Dave with SCARPA here. For what it’s worth (in case its useful given the questions), the Ride Sole – which comes on the Hurricane and Tornado Pro currently and next year’s Typhoon and Domina – has been tested and approved for use in alpine bindings, and it can be universally skied in either alpine or AT bindings.

    You can also swap out to a lugged mountaineering sole in any of the above boots, but SCARPA recommends skiing that sole – as well as the sole on the Skookums – only in AT bindings, regardless of whether it actually fits into an alpine binding. The Ride sole was designed specifically to achieve the full range of release capabilities required in alpine bindings.

  11. Lou April 25th, 2008 10:41 am

    So in other words, according to Scarpa the Skookum should only be used in AT bindings, even though it could possibly snap into an alpine binding.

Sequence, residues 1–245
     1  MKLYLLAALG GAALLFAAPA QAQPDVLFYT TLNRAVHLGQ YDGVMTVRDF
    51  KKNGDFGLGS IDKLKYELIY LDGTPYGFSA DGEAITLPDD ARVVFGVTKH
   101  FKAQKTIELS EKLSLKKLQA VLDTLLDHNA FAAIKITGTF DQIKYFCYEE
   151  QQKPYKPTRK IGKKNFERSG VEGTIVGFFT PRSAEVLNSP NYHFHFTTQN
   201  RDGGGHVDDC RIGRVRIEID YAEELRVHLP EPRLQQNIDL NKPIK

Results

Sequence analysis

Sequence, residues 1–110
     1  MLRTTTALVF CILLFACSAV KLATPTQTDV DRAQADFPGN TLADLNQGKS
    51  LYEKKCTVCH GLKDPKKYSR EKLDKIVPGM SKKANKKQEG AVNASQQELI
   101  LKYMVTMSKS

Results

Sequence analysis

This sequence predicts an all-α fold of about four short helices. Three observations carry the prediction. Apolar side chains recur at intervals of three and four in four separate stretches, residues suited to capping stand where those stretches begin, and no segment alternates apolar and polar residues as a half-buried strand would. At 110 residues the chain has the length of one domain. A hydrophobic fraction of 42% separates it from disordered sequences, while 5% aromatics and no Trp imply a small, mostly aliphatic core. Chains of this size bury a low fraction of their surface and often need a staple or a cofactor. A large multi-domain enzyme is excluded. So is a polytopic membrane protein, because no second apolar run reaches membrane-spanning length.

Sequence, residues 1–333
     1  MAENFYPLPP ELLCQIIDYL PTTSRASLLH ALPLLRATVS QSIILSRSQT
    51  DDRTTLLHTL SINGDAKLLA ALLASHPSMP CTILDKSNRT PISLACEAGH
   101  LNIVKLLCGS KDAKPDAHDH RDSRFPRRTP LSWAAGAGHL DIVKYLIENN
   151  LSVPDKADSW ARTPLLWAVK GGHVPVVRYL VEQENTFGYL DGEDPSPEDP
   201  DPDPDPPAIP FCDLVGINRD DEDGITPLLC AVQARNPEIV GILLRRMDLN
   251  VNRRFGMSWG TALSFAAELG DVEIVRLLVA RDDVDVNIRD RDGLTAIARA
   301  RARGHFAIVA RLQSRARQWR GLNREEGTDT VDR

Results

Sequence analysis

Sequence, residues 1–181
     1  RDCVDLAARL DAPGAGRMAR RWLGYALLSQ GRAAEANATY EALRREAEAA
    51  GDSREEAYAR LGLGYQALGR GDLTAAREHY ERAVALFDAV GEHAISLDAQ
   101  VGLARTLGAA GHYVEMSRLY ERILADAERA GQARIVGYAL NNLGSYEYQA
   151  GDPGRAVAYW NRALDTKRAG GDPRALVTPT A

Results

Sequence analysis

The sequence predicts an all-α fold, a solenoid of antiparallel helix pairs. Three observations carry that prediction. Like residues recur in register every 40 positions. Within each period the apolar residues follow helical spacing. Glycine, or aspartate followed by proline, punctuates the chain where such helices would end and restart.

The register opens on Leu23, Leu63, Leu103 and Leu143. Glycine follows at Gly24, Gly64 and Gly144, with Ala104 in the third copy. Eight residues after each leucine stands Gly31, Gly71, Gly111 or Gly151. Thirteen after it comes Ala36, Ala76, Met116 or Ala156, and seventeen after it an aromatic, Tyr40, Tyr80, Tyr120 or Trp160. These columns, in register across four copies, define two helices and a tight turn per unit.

12. Lou April 25th, 2008 10:48 am

    So, Lee had foot-in-mouth disease and apologized, then writes what I think is a pretty good unboxing of the Skookum.

    Sorry, I’m just not seeing that as a big deal.

    That said, If any of you EVER think our reviews are falling short, be sure to speak up. Like I always say, every comment is read and taken under serious consideration. So thanks Bdc for voicing your concern.

  13. Lee Lau April 25th, 2008 11:09 am

    Here are some other points which I failed to mention in the review which have come to light from other questions:

    – From the draft Scarpa 08 workbook the Skookum comes in sizes mondo 21.5 to 31

    – The Skookum has a removeable alpine style bootboards and not the curved arched instep bootboards. You can see that bootboard in the interior shot of the Skookum above

  14. Doug April 25th, 2008 12:20 pm

    Dongshow,
    FWIW, in a pinch, on short and steep couloir tours I’ve taken out the liner out of my Technica Diablo which has a built in stiff tongue. Though it doesn’t tour as well as my stock liner. Also have been working on skiing in a more neutral position, which Lou spoke of earlier in the season. I find that with my Mega-ride lean lock placed in a more upright position I get the light touch I’m looking for and can ride the ski more comfortably without torgueing the boot. Seems to wok for me and have delayed buying an aftermarket tongue.